Voyager 1 Enters Magnetic Highway, AKA the Last Step to Interstellar Space
December 5, 2012 7:46 AM
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NASA scientists say Voyager 1 could enter interstellar space anywhere from months to a couple of years from now
NASA's Voyager 1 is traveling through the last leg of its journey before
entering interstellar space
Voyager 1, which was launched into space in 1977 to eventually explore interstellar space and become the most distant human-made object, has reached a region that NASA scientists are calling a magnetic highway. This highway consists of charged particles where the sun's magnetic field lines are connected to interstellar magnetic field lines.
This area is still considered part of our heliosphere, which is a bubble of charged particles around the sun, because the direction of the magnetic field lines has not changed. The direction of these lines will change when Voyager 1 enters interstellar space, and scientists believe the magnetic highway is the last stretch before finally making it to interstellar space.
"Although Voyager 1 still is inside the sun's environment, we now can taste what it's like on the outside because the particles are zipping in and out on this magnetic highway," said Edward Stone, Voyager project scientist based at the California Institute of Technology, Pasadena. "We believe this is the last leg of our journey to interstellar space. Our best guess is it's likely just a few months to a couple years away. The new region isn't what we expected, but we've come to expect the unexpected from Voyager."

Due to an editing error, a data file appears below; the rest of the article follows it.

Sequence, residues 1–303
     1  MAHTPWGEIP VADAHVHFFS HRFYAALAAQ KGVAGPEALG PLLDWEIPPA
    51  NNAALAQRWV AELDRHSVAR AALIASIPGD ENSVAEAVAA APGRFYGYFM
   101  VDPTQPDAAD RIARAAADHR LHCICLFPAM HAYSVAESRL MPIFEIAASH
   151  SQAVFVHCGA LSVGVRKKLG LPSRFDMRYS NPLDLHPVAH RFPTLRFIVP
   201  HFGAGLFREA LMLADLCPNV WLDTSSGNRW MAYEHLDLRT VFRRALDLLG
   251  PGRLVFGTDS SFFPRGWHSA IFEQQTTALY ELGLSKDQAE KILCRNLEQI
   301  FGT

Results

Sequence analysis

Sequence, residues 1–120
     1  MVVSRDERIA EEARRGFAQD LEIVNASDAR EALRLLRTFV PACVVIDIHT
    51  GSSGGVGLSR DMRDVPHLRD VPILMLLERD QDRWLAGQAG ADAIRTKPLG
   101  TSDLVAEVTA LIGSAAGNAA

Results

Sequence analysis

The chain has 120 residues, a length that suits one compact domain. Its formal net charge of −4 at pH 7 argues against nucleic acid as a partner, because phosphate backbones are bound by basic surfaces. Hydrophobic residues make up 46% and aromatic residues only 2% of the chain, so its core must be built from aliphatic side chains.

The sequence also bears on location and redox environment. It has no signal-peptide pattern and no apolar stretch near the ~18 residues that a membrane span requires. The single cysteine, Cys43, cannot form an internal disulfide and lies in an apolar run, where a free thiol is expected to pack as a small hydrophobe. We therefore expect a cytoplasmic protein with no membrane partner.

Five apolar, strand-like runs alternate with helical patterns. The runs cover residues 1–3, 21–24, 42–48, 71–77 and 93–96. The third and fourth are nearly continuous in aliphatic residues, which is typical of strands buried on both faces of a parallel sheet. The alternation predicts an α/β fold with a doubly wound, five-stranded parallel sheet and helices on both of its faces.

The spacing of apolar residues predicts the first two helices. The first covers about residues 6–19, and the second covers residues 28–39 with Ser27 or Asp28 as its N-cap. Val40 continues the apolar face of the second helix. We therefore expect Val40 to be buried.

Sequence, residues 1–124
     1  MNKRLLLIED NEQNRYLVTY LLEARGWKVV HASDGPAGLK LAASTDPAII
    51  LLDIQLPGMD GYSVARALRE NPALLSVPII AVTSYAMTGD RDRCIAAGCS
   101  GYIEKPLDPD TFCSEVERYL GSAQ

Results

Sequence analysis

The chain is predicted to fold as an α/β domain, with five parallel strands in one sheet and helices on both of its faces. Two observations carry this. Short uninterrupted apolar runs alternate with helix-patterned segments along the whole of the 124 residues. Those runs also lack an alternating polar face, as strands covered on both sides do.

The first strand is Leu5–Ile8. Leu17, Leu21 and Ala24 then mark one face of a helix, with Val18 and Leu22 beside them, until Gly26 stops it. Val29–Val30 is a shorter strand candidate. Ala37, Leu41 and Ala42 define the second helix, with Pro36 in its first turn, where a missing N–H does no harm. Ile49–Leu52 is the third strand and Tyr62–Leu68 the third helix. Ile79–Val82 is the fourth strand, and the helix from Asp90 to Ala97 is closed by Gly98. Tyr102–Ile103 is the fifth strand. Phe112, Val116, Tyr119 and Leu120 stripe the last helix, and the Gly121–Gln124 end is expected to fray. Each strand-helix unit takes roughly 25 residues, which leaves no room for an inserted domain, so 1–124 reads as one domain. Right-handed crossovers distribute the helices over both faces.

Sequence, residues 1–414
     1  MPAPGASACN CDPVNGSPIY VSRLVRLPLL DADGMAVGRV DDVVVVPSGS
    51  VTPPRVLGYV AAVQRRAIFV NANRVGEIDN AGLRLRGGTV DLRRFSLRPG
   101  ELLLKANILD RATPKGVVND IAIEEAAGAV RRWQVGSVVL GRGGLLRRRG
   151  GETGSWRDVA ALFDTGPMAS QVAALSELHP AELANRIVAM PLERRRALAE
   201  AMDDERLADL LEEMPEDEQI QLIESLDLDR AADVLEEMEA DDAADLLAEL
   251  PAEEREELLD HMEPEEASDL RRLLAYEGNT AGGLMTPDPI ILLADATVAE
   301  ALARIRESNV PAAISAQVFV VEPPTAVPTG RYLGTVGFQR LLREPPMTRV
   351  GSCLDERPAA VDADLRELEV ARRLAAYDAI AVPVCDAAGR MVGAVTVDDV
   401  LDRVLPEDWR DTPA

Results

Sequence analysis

NASA scientists say Voyager 1 could enter interstellar space anywhere from months to a couple of years from now.
In July of this year, Voyager 1 received another clue that it was nearing interstellar space. In studying the bubble of charged particles, it
fastest rate of change
in two of three signs of changes expected to occur at this particular area. The three signs of changes are the rate in which levels of high-energy cosmic ray particles increase, the rate in which lower-energy particles decrease, and the direction of the magnetic field.
On July 28, levels of high-energy cosmic ray particles originating from outside our solar system increased by 5 percent. In the last half of that same day, lower-energy particles originating from inside our solar system decreased by half. Three days later, all levels returned to normal. This was the fastest rate of change observed so far.
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RE: Energy not running out?
12/5/2012 12:40:30 PM
A lot of the the more power hungry systems have been turned off due to dropping power output from the thermonuclear generator such as the imaging systems. The last picture it took was "pale blue dot" in 1990 at a distance of over 3.7 billion miles away from earth.
most of the magnetic and particle detectors are very low power and hence should be able to run for a while yet.
RE: Energy not running out?
12/8/2012 1:39:12 PM
I read somewhere that the cameras (two) still work, they need them to keep aligned to the sun. They had used just one camera until a year or two back, and then they activated the second one, which hadn't been used until now, in case the first one failed due to old age.
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